Fitkin

44:57 – immediately Fitkin’s use of the piano suggests mechanical movements. The writing is incredibly bold, from the big, beefy sound of the lower register of the piano – often dealt out in octaves – to the syncopated lines from the right hand. These suggest a strong jazz influence, but possibly even the sound of a gamelan.

As the piece progresses so its mechanical nature continues, with a terrific amount of energy generated in its ten minute duration.

Encore

55:57 – ChopinPrelude for piano in E minor (3 minutes) – an encore of suitable stillness to follow the Fitkin, Chopin’s E minor prelude is one of his most popular, and one of his most sorrowful too.

Further listening

There are plenty of options available for further listening after this varied concert. Those enjoying the Ravel would be urged to seek out more of the composer’s piano music, in particular Gaspard de la nuit. The Franck may have its roots in the past a bit more but has some pretty exotic harmonies – and anyone enjoying it might want to head for Debussy’s suite Pour Le Piano, another look back to the past with an especially beautiful Sarabande at its heart.

Meanwhile for lovers of the Fauré the composer’s piano music has a particular late night beauty, as this selection of Barcarolles and Impromptus suggests. All are tagged onto the end of the original playlist here:

https://open.spotify.com/user/arcana.fm/playlist/14B8Ld3EVlXF6jlyZUeA9y

 

Tasmin Little and Martin Roscoe at the Wigmore Hall – A fitting tribute

Tasmin Little and Martin Roscoe at the Wigmore Hall – A fitting tribute

tasmin-little-martin-roscoe

Tasmin Little (violin), Martin Roscoe (piano) – Wigmore Hall, London, live on BBC Radio 3, 1 June 2015

Listening link (opens in a new window):

http://www.bbc.co.uk/programmes/b05wytj1

on the iPlayer until 30 June

Spotify

In case you cannot hear the broadcast, I have put together a Spotify playlist of most of the music in this concert, including recordings the artists have made where possible. The playlist can be found here

What’s the music?

Brahms: Scherzo from the ‘FAE Sonata’ (1853) (6 minutes)

Dvořák: 4 Romantic Pieces, Op.75 (1887) (13 minutes)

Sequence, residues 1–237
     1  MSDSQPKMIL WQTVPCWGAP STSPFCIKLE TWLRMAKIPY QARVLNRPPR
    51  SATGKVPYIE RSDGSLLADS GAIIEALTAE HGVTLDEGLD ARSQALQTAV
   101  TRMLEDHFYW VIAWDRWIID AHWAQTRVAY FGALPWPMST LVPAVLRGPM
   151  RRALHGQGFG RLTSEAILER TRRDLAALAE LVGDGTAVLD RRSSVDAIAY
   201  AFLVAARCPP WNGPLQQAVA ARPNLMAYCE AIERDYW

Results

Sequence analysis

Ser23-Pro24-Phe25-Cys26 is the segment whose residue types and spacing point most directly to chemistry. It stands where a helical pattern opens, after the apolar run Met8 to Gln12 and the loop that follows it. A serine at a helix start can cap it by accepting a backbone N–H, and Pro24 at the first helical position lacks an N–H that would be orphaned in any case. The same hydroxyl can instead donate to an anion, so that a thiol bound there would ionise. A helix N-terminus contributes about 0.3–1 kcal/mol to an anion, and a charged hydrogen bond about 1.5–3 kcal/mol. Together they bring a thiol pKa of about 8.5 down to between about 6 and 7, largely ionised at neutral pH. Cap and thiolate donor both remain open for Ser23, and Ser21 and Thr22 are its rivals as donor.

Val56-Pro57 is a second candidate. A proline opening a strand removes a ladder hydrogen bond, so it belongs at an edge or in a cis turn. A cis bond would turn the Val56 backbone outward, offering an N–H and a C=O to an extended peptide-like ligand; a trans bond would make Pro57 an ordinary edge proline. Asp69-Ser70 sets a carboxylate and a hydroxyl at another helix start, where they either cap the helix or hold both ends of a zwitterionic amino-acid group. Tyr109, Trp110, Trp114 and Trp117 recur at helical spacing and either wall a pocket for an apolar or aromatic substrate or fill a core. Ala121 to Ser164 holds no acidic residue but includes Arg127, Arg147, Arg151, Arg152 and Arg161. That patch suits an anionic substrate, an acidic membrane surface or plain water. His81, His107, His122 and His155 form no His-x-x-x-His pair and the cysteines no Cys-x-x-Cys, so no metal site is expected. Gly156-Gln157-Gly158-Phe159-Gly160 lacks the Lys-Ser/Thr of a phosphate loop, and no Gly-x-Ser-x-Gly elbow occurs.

Franck: Violin Sonata (1886) (28 minutes)

What about the music?

A well-chosen program of music for violin and piano, drawn from the period in the late nineteenth century known as ‘Romantic’. Yet as well as being from that period it is Romantic in nature.

Brahms wrote three substantial sonatas for violin and piano, each of them admired, and he also wrote a sonata in collaboration with Robert Schumann and his pupil Albert Dietrich. It was a gift to their friend Joseph Joachim, himself a composer and also a virtuoso violinist who was to inspire many more works from Brahms, Schumann and Dvořák among others.

The 4 Romantic Pieces of Dvořák were not written for Joachim, and are not greatly demanding technically – but are a perfect illustration of just how tuneful the composer’s music can be, and how through great simplicity he could write music of great expression. There is charm and wit in abundance here, music that seems to celebrate the great outdoors.

The Violin Sonata by Belgian-born French citizen César Franck is one of the chamber music masterpieces of the nineteenth century. Treating the two instruments very much as equals, it is memorable firstly for its dreamy first movement theme, which creeps in like a summer breeze, then for the darkly passionate movement that follows it. After the freedom of the third movement Franck plays his trump card, a ‘canon’ – that is, where violin and piano play the same melody but a little distance apart. This one is a beauty.

Peter Cropper. Credit: Hanya Chlala/ArenaPAL

Credit: Hanya Chlala/ArenaPAL

Performance verdict

This was a particularly moving concert, given a short while after the announcement of the death of Peter Cropper, first violinist with the Lindsay String Quartet and a close personal friend of Martin Roscoe. Not only was Roscoe intent on going ahead with this concert, he and Tasmin Little chose to dedicate their performance of the Franck Sonata to his memory – and in doing so they paid a deeply meaningful tribute.

The Franck is a lovely work and both Little and Roscoe brought out the deep-seated passion of the second and third movements, dovetailing beautifully with the charm of the outer movements. Roscoe was extremely responsive so that the melodies were passed back and forward with ease and enthusiasm.